In facing a determined and resurgent Sock, once a former World No. 8 who was a Citi Open semifinalist in 2017 before falling on hard times with thumb and back injuries, Nadal ripped 41 winners, including 27 from his forehand side, and made 17 unforced errors. By comparison, Sock hit 41 winners (28 forehand) but committed 33 unforced errors. Nadal was solid coming into the net, winning 12 of 16 approaches, and he captured 70 percent (47 of 67) of his first-serve points while saving eight of the 10 break points he faced. He outpointed Sock 115-102. The 28-year-old American was out-aced by Nadal 8-7 and his serve was broken three times.

“It was a tough match and I managed to find a way at the end. Sorry for Jack,” Nadal said during an on-court interview after the match. “The energy here in Washington has been unforgettable after such a tough year and a half.

“Getting to play in front of these great people is just fantastic. I enjoyed it, I suffered a little bit but it’s normal. I hope to be ready for tomorrow.”

While Nadal showed a noticeable limp and seemed to favor his left foot toward the end of the match, he concealed whatever pain he might have been feeling – never requiring a trainer visit – and it never seemed to affect his ability to fight for every point as is his style.

“My fitness is fine,” Nadal said in press. “I just need to be a little bit – I need to have a little bit of less pain in the foot, honestly. That’s the truth. But physically I feel more or less okay.”

For now, Nadal has lived to play another day at the Citi Open, something for which he and all tennis fans are grateful.

“I don’t know how long it will take to recover everything, but the only thing I can say is I’m here just to try my best in every single moment. I hope the past couple of days of practices keep helping me to be competitive enough …” Nadal said before match. “I am excited to be back playing in America after more than a year without playing here, especially playing in front of the full crowd, full stadiums.”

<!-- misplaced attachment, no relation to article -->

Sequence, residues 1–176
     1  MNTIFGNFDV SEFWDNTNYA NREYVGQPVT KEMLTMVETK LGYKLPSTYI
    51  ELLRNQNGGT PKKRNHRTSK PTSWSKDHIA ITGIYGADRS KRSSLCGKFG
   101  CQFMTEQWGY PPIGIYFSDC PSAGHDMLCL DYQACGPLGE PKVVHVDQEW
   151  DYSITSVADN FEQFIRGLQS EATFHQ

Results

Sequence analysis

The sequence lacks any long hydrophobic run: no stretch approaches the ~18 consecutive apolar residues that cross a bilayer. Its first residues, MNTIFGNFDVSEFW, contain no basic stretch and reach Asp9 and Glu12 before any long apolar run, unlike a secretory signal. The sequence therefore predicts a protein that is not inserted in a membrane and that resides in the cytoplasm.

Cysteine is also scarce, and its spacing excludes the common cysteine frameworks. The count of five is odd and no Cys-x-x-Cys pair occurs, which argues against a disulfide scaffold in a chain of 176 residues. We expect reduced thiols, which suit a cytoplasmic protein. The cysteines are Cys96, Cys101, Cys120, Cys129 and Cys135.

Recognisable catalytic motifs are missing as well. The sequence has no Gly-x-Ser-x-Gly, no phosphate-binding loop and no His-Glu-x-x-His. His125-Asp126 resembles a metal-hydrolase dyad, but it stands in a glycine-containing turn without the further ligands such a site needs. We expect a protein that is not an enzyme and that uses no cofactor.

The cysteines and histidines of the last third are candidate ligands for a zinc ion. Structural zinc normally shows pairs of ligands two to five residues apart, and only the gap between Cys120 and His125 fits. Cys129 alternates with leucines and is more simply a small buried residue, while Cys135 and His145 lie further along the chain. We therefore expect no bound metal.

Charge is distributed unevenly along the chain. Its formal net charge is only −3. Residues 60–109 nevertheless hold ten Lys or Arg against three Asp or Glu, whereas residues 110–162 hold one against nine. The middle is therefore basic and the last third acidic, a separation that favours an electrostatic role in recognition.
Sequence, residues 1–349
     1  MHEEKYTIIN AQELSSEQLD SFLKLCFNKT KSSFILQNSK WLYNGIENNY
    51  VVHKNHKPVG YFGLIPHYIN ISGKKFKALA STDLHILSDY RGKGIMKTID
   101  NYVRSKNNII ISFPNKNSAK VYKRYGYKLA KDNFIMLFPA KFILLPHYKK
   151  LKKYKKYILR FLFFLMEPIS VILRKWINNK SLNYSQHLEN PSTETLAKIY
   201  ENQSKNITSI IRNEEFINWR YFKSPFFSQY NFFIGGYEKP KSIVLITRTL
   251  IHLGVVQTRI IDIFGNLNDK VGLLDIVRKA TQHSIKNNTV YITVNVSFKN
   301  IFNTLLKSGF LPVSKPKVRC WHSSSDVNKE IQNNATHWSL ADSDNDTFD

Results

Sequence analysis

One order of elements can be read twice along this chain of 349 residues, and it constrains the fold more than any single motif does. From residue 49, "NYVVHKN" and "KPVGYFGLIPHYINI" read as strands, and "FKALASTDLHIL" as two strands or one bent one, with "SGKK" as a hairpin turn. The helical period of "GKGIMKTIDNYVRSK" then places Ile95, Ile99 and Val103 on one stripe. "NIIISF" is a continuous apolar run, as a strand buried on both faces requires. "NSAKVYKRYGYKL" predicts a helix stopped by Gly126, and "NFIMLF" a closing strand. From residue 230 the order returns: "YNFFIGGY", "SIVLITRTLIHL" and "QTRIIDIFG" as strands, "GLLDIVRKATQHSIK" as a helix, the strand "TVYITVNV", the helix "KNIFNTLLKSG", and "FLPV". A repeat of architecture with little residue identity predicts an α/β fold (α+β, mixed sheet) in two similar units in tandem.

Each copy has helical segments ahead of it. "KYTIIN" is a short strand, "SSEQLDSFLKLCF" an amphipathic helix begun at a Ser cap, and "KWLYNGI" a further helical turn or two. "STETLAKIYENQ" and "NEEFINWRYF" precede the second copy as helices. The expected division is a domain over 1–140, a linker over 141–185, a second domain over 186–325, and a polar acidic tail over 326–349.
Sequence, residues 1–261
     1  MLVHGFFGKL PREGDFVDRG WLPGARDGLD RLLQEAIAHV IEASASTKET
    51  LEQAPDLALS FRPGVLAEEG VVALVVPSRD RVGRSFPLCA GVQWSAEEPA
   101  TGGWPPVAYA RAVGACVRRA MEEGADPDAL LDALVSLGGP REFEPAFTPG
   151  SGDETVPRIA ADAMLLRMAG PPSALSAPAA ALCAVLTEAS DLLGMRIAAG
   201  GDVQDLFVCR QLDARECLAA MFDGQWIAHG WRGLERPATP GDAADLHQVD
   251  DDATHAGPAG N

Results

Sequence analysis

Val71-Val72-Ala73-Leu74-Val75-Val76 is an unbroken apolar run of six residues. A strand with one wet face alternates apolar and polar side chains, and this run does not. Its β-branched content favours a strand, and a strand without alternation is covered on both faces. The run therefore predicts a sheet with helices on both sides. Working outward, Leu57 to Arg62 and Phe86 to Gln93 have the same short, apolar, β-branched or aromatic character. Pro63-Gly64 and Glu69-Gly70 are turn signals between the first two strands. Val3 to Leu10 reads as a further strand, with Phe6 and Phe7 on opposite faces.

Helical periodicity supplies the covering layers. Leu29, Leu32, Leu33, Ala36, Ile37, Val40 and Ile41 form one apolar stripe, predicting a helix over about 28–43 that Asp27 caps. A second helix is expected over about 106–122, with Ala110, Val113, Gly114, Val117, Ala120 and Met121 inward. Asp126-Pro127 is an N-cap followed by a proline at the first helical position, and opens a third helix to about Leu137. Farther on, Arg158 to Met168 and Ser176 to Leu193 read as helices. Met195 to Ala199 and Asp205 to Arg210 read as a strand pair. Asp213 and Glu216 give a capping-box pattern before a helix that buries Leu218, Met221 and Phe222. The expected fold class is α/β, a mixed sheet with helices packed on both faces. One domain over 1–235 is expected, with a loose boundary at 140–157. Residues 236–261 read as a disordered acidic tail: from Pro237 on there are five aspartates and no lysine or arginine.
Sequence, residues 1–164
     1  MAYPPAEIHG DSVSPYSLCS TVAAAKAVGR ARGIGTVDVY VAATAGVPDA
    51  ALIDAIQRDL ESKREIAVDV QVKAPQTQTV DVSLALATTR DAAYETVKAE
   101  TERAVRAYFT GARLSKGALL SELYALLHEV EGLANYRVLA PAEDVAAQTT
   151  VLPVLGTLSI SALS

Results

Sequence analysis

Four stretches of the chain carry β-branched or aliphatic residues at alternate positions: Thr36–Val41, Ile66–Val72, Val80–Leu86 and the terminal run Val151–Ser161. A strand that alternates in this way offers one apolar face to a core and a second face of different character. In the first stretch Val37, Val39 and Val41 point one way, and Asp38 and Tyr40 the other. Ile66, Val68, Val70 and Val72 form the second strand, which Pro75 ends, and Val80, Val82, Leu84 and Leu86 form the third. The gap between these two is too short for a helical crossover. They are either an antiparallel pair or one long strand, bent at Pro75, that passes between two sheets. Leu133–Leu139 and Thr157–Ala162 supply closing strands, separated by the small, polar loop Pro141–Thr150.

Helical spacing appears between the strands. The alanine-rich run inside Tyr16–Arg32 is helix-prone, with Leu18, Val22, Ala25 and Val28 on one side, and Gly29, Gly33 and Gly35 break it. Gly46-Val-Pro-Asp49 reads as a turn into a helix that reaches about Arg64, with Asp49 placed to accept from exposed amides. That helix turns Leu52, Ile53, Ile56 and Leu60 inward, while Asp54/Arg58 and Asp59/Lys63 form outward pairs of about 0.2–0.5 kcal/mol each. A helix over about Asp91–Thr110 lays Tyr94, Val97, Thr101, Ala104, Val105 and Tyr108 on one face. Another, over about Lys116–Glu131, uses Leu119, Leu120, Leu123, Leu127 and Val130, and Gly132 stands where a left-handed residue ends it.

Auger-Aliassime finding right solutions to win

No. 2 seed Felix Auger-Aliassime‘s 2-6, 6-2, 6-2 victory over Italy’s Andreas Seppi on Tuesday afternoon left the 20-year-old Canadian feeling a bit weary. It came after participating in the Tokyo Olympic Games last week, where he lost in the first round to Max Purcell of Australia.

“The way it started, it felt like it wasn’t meant to be,” Auger-Aliassime described his win against the 88th-ranked  Seppi during an on-court interview. “We play a lot of matches during the year and I guaranteee you it’s not always pretty. I tried to fight and find solutions. I had to dig deep and fight really well.”

Later in press, he added: “I guess, to win ugly, in a way, coming back from really a poor set of tennis in the first, to come back and win it, it’s good that I can also win matches that way.”

Now, the World No. 15 Auger-Aliassime is through to the third-round in Washington, D.C., and awaiting him will be 130th-ranked American newcomer Jenson Brooksby, who upset No. 16 seed and area favorite Frances Tiafoe 7-6 (4), 7-5 Tuesday evening.


View this post on Instagram


A post shared by Citi Open (@citiopen)

Auger-Aliassime has already played 40 matches this season – he’s 25-15 – and his increased workload can be attributed to making deeper runs in tournaments that he competes in. He’s reached the quarterfinals or better in six tournaments in 2021. However, with success there’s been some spoils.

“Wimbledon has been great, but the transition has not been easy – physically, mentally, the traveling,” he said. “I’m still a little bit jet-lagged from Tokyo. Just this whole combination hasn’t made it easy for me the last couple of weeks after Wimbledon.”